It is impossible to determine what the procedure will cost because we do not know the status of your pet’s teeth and gums. There are four levels of teeth cleanings at our hospital. Fees are based on severity plus costs for preoperative testing, anesthesia, necessary therapy, and medication. Fees for all dental services are available by e-mail or fax. The doctor or staff will provide an initial treatment plan based on exam room findings and a follow up treatment plan with fees after a tooth-by-tooth exam is conducted under anesthesia.
What is the best food for my pet?
Hard food will help remove plaque from teeth. There are special diets specifically manufactured to help control plaque. Feeding the special diets in conjunction with daily brushing is the best to keep the teeth clean. Diet alone will not control plaque, but it will help.
What toys should I avoid to protect my pet’s teeth?
Chewing on objects harder than teeth may lead to dental fractures. Be especially careful with cow and horse hoofs. They commonly cause fractures of the upper fourth premolars. Tug-of-war games must not be practiced, especially in young dogs and cats in order to avoid moving growing teeth to abnormal locations. Throwing dogs discs can also cause trauma to the teeth, resulting in pulpitis (an inflammation of the pulp).
What are cat cavities?
Many cats get painful lesions at the gum line that invade teeth. They are properly referred to as tooth resorptions. Unfortunately we do not know what causes tooth resorption, and the most effective treatment involves extraction of the affected tooth. Check to see if your cat has an advanced resorption by pressing a cotton-tipped applicator to the gum line. If a painful lesion is noted, your cat will chatter its jaw.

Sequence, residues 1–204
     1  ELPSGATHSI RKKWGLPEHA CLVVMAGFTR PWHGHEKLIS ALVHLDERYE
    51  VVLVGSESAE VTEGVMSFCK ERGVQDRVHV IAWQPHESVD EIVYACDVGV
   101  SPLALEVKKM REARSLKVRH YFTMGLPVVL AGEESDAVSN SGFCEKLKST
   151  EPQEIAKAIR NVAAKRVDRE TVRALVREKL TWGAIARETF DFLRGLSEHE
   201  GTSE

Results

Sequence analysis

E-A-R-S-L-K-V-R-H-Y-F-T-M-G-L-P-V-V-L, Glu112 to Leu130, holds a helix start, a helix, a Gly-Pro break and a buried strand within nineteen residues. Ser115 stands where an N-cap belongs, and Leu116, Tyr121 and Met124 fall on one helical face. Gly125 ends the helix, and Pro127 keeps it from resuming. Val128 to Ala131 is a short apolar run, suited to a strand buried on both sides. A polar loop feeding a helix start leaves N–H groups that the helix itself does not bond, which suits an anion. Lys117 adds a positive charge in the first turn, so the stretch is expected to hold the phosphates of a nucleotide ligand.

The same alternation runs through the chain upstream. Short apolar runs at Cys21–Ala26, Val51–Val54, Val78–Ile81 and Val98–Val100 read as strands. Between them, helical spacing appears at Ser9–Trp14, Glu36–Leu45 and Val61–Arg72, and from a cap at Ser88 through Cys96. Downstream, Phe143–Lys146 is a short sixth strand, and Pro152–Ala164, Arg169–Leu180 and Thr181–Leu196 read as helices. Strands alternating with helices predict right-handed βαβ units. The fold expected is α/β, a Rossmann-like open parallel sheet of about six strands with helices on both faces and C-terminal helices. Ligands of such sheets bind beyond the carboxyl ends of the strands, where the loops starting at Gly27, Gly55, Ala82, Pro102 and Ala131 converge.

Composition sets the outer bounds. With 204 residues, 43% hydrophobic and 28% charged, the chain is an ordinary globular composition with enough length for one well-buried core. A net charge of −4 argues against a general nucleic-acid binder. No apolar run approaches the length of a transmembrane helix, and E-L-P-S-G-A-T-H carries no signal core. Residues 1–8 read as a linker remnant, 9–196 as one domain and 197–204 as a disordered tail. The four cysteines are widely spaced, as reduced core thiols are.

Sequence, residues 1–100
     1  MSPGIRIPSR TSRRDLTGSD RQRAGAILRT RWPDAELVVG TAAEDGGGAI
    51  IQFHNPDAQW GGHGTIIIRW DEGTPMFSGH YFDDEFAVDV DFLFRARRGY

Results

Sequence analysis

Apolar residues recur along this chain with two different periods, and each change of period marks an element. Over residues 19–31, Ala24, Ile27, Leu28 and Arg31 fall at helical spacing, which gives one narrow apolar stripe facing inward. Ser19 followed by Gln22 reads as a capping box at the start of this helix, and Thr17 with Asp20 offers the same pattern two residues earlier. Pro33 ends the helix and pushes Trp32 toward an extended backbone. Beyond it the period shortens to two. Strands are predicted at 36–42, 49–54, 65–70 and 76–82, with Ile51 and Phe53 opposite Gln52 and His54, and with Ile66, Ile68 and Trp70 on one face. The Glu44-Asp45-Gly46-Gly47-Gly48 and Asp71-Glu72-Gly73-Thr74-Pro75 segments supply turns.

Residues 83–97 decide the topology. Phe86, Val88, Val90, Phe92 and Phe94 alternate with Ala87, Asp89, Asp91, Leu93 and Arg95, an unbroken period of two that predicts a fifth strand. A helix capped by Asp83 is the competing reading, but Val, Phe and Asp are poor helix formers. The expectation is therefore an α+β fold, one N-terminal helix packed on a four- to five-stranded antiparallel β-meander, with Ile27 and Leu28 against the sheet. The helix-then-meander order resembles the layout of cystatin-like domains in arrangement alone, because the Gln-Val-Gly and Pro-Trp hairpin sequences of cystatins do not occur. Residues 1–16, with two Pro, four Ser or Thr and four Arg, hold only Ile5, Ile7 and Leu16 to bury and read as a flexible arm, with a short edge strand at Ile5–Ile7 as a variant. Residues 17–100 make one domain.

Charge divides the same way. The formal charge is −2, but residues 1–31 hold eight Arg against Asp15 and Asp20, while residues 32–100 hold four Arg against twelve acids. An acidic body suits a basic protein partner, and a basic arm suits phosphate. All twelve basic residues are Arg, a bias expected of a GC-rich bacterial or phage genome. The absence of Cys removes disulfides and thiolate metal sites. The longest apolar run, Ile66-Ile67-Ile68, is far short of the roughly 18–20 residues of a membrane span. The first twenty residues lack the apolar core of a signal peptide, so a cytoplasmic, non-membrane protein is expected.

How can I tell if my pet is suffering from periodontal disease?
The leading sign is bad breath. Dogs and cats should not have disagreeable mouth odor. Bad breath comes from infection. If your pet’s breath does not smell like roses, let us examine its mouth and advise care.
What type of tests are done to diagnose dental disease?
If your pet has periodontal disease or a fractured tooth, an oral exam is performed while under anesthesia. A periodontal probe is used to evaluate bone loss around each tooth. X-rays are taken to evaluate if the teeth can be saved or need to be extracted.
When do I have to start worrying about dental problems with my pet?
As soon as puppy or kitten teeth emerge, it’s time to start brushing. Although baby teeth are replaced with adult teeth, the puppy or kitten gets used to the brushing procedure, which continues for life.
What can be done if my pet has periodontal disease?
Periodontal disease occurs when tooth support structures are affected by infection. In the beginning stages, cleaning above and below the gum line as well as removal of calculus attached to the tooth will help restore periodontal health. In advanced cases, either periodontal surgery or extractions are performed. Antibiotics given monthly also help to control the progression of periodontal disease.
Which animals are at most risk for periodontal disease?
Smaller breeds are more prone than larger because the teeth are closer together in small dogs, and they usually live longer. Terriers, Maltese, and Shih Tzus are especially prone to periodontal disease.
What can you do to fix a broken tooth?
Urban Animal can help
If you think your dog or cat is having a dental issue, Urban Animal can help. We evaluate each tooth and carefully chart it and do our dental scaling and polishing with some of the best dental equipment available. We also use dental X-rays to make sure disease isn’t present. And if it is, we’re ready to treat your animal companion and make sure they receive the care they need. Call us to schedule an evaluation today!
Urban Animal Veterinary Hospital
1327 Yale St
Houston, TX 77008